Monday, May 04, 2009

Doin' ninety and still flyin'

By Carl

I remember the first time I heard
Pete Seeger. I was a young child, and he appeared on the TeeVee. Maybe it was Ed Sullivan. Maybe it was Hullabaloo. Knowing Pete Seeger, it was likely on the news at a protest.

He turned ninety this weekend.

Pete Seeger was one of the pioneers of the protest-folk music movement. Raised by a father who was a music professor at UC Berkeley, Seeger counted among his influences Lincoln Steffens, a muckraking journalist who worked tirelessly to cover corruptions of power in America, and also was one of the first ardent American socialists.

You've heard Seeger's music all your life: "If I Had A Hammer," "Where Have All The Flowers Gone?" and "Turn, Turn, Turn" (still the only song ever lifted whole from the Bible).

Seeger sees injustice, and speaks out. He sees the tragedy of environmental degradation, and speaks out. He sees criminality from those in power, and speaks out.

And he sees dischord and strives for unity. His concerts have always featured bounties of sing-alongs, creating one voice out of many.

The list of people he has influenced is immeasurable, spanning American music from Bob Dylan, Joni Mitchell and Crosby, Stills, Nash & Young to Bruce Springsteen, Rage Against The Machine and Ani DeFranco.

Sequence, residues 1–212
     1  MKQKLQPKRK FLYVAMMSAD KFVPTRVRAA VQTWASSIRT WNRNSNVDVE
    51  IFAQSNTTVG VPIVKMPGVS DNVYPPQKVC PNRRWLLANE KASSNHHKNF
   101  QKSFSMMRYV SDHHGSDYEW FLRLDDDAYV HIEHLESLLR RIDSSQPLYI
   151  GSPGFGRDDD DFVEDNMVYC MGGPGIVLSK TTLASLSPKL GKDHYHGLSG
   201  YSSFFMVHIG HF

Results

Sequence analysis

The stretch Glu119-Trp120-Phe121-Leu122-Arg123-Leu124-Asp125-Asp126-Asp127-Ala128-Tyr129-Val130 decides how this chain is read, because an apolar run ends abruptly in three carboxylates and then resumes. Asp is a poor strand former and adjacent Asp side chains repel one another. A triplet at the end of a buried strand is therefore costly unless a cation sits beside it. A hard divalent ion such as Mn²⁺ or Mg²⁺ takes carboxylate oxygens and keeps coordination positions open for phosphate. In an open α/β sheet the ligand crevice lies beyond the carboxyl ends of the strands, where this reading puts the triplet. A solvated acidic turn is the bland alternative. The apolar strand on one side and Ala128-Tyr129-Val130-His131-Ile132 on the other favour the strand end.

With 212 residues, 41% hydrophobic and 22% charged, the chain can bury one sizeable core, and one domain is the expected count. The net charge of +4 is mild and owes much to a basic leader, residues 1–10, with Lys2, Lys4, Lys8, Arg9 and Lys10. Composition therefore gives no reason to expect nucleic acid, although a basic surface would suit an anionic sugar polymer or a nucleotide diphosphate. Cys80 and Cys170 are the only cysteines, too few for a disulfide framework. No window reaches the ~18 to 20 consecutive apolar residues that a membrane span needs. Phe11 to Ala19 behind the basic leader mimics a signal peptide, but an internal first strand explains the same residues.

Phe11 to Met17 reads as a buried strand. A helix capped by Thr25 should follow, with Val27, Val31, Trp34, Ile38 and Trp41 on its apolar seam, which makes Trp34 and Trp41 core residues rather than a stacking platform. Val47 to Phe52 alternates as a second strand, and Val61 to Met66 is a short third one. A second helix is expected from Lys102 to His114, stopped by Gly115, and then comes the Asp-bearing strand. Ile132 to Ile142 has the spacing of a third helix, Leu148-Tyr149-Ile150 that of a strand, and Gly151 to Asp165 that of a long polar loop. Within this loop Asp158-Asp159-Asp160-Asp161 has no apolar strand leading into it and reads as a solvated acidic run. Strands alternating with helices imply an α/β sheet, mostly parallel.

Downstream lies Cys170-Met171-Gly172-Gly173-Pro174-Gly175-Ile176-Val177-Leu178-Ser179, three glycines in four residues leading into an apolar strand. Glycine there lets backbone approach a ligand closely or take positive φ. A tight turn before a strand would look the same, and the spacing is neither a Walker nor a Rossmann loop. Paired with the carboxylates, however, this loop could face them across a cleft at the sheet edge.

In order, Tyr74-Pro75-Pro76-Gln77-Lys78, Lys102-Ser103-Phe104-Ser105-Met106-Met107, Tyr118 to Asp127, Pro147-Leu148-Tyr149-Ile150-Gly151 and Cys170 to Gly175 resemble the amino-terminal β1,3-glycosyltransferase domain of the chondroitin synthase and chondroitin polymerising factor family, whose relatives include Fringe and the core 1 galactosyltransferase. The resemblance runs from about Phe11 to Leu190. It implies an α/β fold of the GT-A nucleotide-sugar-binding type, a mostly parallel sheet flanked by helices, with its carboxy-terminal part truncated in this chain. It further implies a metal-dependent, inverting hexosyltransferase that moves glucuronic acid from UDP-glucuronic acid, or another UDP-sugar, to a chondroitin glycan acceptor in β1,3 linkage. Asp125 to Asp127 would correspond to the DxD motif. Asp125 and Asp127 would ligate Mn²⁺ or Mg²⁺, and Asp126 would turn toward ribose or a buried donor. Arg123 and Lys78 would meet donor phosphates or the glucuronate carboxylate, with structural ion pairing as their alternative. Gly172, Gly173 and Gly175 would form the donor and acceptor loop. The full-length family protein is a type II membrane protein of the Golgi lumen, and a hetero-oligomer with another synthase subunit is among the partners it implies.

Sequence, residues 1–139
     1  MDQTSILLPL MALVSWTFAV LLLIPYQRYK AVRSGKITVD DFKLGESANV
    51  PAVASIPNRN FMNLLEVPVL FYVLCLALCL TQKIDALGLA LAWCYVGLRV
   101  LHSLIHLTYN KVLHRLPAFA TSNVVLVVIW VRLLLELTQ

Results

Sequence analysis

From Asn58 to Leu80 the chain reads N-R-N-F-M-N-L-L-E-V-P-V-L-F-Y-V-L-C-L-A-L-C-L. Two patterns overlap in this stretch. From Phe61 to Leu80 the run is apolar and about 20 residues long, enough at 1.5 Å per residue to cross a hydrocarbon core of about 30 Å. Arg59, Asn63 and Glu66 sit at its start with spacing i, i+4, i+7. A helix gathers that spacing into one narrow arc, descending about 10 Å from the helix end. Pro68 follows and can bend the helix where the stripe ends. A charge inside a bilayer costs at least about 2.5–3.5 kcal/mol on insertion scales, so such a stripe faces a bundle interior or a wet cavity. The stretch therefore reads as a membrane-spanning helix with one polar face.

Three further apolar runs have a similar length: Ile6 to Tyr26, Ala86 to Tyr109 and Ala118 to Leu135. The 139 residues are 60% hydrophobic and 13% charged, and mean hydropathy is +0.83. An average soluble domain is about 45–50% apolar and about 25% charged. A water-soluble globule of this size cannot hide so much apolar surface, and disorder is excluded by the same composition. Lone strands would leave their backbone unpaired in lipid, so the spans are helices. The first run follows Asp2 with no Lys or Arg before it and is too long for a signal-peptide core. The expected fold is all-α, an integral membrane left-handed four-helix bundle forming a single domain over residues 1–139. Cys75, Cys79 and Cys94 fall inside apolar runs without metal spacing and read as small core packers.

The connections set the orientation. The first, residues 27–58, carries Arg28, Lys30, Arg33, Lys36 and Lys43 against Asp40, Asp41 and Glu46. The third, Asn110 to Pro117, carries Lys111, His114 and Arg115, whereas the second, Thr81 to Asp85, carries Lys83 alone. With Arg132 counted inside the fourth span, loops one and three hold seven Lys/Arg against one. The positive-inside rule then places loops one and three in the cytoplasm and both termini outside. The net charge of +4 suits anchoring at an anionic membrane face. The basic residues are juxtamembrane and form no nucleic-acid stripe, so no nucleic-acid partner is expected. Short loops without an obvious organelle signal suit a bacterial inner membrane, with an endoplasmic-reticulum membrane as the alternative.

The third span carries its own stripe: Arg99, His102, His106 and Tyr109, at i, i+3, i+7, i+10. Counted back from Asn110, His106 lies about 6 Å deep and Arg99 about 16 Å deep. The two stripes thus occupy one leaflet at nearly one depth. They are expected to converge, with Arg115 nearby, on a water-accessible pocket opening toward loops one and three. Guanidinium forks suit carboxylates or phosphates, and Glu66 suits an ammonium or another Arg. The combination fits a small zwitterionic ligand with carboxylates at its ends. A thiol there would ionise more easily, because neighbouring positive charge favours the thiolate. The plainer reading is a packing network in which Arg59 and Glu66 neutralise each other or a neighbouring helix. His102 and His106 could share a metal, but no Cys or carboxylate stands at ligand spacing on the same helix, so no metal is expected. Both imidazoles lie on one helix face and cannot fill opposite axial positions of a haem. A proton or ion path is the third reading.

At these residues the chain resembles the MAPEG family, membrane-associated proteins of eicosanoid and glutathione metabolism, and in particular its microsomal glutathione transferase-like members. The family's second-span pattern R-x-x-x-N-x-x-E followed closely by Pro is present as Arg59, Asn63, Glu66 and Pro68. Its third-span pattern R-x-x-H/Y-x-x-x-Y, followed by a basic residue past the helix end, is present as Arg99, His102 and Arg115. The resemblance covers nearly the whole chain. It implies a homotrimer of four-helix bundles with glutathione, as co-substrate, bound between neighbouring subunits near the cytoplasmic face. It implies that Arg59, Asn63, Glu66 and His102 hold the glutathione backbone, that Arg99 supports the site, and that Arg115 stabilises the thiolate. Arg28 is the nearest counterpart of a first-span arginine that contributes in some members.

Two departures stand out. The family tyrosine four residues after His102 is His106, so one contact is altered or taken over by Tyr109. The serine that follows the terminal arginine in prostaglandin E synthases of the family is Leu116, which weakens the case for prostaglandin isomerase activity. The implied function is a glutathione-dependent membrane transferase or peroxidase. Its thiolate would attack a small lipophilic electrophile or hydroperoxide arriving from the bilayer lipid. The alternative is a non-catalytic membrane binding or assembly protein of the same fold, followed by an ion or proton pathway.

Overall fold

I learned guitar playing his songs. I think I can still, 35 years after setting mine down, play "Where Have All The Flowers Gone?" from memory.

I say all this, because I think it's important to note a shift in American culture. With the occasional exception (Springsteen, for one), no artist today has the power that a simple man with a banjo had to shape public opinion.

Sure, you had Bob Geldof and Band-Aid. That was a one-off, tho, a moment in time when the stars aligned and the world came together to unite against a famine in a terrible cauldron of pain and suffering.

And other artists have come together regularly to promote and publicize causes, like Neil Young, John Mellencamp, and the rest for Farm Aid.

Seeger, as well as Woody Guthrie or Bob Dylan and Joan Baez and that whole gang or even John Lennon later in life, these folks could get up nightly and raise the banners of activism, and people were persuaded and went out and worked for a cause.

We don't have that attention span any longer, and I mourn a little the loss of that.

(crossposted to
Simply Left Behind)

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